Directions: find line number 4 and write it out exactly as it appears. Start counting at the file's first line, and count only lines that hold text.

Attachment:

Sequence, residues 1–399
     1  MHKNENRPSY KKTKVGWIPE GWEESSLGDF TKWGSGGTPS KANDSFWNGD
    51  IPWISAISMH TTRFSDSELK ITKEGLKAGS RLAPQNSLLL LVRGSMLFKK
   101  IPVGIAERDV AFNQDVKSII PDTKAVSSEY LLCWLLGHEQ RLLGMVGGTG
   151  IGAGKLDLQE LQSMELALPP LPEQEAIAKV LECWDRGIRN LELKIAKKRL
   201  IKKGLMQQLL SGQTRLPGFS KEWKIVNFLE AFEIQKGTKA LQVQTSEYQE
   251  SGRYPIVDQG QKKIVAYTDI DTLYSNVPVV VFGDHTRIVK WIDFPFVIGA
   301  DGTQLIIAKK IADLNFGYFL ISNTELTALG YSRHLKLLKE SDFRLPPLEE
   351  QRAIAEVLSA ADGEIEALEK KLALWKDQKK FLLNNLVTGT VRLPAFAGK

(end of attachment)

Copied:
   101  IPVGIAERDV AFNQDVKSII PDTKAVSSEY LLCWLLGHEQ RLLGMVGGTG